Profitable header set-up

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Key points

  • A lower stubble height can benefit subsequent crops by allowing better weed control with herbicides and faster crop establishment.
  • Harvesting low can cost more: each 10cm reduction in harvest height results in an average 10 per cent reduction in speed.

A flexible approach to managing stubble means that crops can be harvested high or low, depending on the season, stubble load and weed management, and that various strategies can be implemented post-harvest if required, depending on seeder type, the following crop and the farming system. Large stubble loads can potentially create challenges for all sowing systems and influence the ability of seedlings to emerge, the type and effectiveness of herbicides that can be applied, the ability of the crop protection chemicals to reach the intended target (soil, weed, pest or crop), and the effect that thick stubble load can have on emerging seedlings.

Harvest height

Harvesting high or using a stripper front are the quickest and most efficient methods and produce the least amount of residue, which needs to be threshed, chopped and spread as evenly as possible. As part of the GRDC’s Stubble Initiative several farming systems groups and CSIRO compared harvest efficiency and costs at different harvest heights (Table 1). As a general rule, there is a 10 per cent reduction in harvest speed for every 10-centimetre reduction in harvest height, meaning it can cost significantly more to harvest low.

Tall standing stubble is more suited to disc-seeding operations, or where post-harvest operations, such as grazing, mulching, incorporation (with or without added nutrients), baling or burning are planned. However, there can be some negatives to retaining tall stubble. Several groups found that wheat sown into taller wheat stubble (45cm compared with 15cm) received less solar radiation and may be exposed to cooler temperatures, which can reduce early growth and tiller numbers.

Table 1 Harvesting wheat in 2014 at Streatham, Victoria, at three harvest heights (engine load = 90%) using a Case IH 9120 header and cost analysis determined at contract rates of $400 per hour.

Stubble height Average speed (km/h) Percentage difference in km/h Time to harvest 100ha (hours) Harvest costs
($/100ha)
Fuel cost
($/100ha)
Cost ($/ha)
50cm 7.05 15cm vs 50cm = 38.3% 8.3 3305 789 $41
30cm 5.45 30cm vs 50cm = 22.7% 10.7 4264 1040 $53
15cm 4.35 15cm vs 30cm = 20.2% 13.3 5332 1272 $66

SOURCE: Southern Farming Systems

Weed management

Herbicide-resistant weeds have also become a problem in the modern stubble-retained farming system and harvest height is an important factor in the successful implementation of non-chemical harvest weed-seed control techniques, such as chaff carts, chaff decks, narrow windrow burning and, more recently, use of the Integrated Harrington Seed Destructor (iHSD).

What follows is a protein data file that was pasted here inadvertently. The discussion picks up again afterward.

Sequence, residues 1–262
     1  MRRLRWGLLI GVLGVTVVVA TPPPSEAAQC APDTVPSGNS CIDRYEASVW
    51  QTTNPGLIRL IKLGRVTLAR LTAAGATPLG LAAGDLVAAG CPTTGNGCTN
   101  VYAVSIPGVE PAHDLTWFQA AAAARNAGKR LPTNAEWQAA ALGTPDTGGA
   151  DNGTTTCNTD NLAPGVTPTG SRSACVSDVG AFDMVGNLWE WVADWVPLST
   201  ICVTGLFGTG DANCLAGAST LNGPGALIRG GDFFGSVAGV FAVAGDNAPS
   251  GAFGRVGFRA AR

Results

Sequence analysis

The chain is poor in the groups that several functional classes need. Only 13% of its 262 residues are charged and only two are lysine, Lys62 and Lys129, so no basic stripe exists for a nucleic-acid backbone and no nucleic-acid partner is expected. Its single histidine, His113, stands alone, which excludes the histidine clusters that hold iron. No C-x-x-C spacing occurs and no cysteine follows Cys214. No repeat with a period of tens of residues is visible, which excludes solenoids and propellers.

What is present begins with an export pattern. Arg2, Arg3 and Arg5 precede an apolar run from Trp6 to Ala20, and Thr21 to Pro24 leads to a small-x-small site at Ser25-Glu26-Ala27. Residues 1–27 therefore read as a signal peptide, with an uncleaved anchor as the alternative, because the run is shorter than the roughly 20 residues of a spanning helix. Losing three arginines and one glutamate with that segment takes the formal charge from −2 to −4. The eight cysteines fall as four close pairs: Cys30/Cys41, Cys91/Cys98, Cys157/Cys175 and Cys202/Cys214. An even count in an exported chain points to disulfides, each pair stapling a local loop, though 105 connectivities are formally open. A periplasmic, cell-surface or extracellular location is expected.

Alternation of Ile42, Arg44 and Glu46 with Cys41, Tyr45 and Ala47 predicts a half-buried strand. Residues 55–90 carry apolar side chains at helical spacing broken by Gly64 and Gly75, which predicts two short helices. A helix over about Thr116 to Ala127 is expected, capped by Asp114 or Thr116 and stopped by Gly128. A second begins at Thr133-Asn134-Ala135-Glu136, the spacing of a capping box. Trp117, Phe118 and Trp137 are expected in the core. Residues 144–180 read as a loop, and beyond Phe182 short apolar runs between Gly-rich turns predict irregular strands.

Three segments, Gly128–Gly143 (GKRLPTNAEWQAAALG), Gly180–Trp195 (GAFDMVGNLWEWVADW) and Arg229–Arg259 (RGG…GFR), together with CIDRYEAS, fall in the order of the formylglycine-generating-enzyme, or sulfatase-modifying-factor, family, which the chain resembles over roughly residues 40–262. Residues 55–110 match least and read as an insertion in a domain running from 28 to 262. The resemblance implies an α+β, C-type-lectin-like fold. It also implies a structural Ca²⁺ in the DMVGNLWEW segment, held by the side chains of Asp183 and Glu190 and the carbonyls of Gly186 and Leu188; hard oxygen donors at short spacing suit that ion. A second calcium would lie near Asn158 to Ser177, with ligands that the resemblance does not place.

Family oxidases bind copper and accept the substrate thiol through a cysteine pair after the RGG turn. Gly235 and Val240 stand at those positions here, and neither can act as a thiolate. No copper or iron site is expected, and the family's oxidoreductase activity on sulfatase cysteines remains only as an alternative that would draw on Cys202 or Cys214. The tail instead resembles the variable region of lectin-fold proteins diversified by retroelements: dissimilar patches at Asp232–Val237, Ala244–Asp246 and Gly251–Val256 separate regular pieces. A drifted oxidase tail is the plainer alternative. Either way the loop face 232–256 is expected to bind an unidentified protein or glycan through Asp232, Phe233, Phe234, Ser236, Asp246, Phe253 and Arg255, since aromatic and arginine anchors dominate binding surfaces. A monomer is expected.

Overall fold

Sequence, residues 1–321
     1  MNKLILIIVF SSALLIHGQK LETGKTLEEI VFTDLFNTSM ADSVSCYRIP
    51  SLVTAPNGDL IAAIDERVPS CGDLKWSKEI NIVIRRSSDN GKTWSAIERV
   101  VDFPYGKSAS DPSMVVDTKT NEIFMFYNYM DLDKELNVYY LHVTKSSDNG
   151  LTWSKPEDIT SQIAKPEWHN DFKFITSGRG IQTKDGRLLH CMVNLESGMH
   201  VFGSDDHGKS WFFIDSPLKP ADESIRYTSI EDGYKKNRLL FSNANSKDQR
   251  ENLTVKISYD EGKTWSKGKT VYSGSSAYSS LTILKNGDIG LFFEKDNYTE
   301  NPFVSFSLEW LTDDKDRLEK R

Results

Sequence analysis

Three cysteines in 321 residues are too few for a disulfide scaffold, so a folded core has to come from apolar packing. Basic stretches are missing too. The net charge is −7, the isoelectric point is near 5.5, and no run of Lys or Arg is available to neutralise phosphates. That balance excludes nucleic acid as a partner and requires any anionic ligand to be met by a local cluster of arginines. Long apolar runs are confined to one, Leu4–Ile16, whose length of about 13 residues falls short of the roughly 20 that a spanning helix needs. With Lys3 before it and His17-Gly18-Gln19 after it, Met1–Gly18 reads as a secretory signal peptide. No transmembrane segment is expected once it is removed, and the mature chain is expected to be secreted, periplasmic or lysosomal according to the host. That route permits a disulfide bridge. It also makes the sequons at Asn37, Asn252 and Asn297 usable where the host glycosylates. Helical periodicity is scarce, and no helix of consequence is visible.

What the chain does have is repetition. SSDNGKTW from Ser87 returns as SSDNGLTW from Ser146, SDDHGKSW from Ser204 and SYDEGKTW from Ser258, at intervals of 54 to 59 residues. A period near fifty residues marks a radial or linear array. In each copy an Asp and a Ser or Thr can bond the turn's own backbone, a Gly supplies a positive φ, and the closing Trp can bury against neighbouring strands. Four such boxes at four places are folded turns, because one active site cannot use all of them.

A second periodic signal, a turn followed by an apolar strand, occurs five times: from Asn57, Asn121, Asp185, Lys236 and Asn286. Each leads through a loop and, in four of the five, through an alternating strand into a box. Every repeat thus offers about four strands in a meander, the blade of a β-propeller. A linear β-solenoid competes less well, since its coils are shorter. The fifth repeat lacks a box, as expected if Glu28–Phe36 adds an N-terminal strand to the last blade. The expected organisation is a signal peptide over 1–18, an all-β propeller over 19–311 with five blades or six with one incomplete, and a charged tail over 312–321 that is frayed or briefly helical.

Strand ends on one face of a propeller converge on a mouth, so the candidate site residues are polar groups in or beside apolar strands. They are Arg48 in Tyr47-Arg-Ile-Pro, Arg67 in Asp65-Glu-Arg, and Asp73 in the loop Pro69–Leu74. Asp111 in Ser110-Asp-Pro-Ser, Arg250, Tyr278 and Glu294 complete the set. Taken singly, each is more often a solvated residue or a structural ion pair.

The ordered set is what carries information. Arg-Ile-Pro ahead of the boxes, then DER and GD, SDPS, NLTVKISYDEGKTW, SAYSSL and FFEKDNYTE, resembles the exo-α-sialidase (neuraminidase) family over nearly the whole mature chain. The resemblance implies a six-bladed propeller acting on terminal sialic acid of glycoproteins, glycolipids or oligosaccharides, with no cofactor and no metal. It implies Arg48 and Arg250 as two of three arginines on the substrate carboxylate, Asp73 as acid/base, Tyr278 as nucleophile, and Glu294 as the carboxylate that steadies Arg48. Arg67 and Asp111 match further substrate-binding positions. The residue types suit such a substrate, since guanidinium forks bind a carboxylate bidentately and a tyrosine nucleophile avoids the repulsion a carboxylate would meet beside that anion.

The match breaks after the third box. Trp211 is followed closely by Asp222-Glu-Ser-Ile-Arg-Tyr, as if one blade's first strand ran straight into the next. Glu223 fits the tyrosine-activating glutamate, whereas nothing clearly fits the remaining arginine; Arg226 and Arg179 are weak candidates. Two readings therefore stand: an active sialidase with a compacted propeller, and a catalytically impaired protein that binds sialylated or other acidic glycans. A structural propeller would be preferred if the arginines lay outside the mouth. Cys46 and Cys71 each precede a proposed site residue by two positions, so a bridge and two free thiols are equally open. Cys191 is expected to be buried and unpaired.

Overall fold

The prototype iHSD was tested at Furner, South Australia; Inverleigh, Victoria; and Temora, NSW (by MacKillop Farm Management Group, Southern Farming Systems and FarmLink Research) in 2015-2016, at a constant speed of four kilometres per hour, to compare efficiency and cost. At Furner, reducing the harvest height from 30cm to 15cm increased the engine load by 10 per cent and fuel use by 15 per cent (Table 2). Activating the prototype iHSD further increased engine load and fuel use.

While the iHSD works well, the major issue is getting the weed seeds into the harvester front. Harvest height is critical. Research by Dr John Broster, from Charles Sturt University, shows that about 88 per cent of annual ryegrass was captured when harvesting at 10cm compared with 48 per cent at 40cm, depending on the season, ryegrass maturity at harvest and orientation.

Table 2 A Case IH 9120 harvesting wheat conventionally at 30cm, 15cm for baling or narrow windrow burning, or at 15cm with prototype iHSD in Furner, SA, in 2016.

Harvest height Grain yield (t/ha) Speed (km/h) Engine load (%) Fuel use (L/ha)
30cm 4.7 3.8 59.8 14.3
15cm 4.6 4.0 65.5 16.4
% change from 30cm to 15cm ns ns +10% +15%
15cm + iHSD 4.6 4.0 88.7 22.7
% change from 15cm to 15cm + iHSD ns ns +35% +38%

SOURCE: Mackillop Farm Management Group

Contributors to this research were: Birchip Cropping Group, CSIRO, Central West Farming Systems, FarmLink Research, MacKillop Farm Management Group, Riverine Plains, Southern Farming Systems and Yeruga Crop Research.

GRDC Research Codes BWD00024, CSP00186, CWF00018, CSP00174, MFM00006, RPI00009, SFS00032, YCR00003

More information:

Tony Swan, CSIRO
02 6246 5142
tony.swan@csiro.au